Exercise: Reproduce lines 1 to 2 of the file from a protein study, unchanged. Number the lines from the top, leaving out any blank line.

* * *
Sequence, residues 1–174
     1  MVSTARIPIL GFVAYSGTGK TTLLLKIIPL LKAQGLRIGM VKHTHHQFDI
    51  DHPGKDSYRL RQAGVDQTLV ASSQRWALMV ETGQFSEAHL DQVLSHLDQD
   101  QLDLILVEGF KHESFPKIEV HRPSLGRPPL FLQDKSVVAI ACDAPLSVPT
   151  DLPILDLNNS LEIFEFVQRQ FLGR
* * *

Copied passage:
Sequence, residues 1–174
     1  MVSTARIPIL GFVAYSGTGK TTLLLKIIPL LKAQGLRIGM VKHTHHQFDI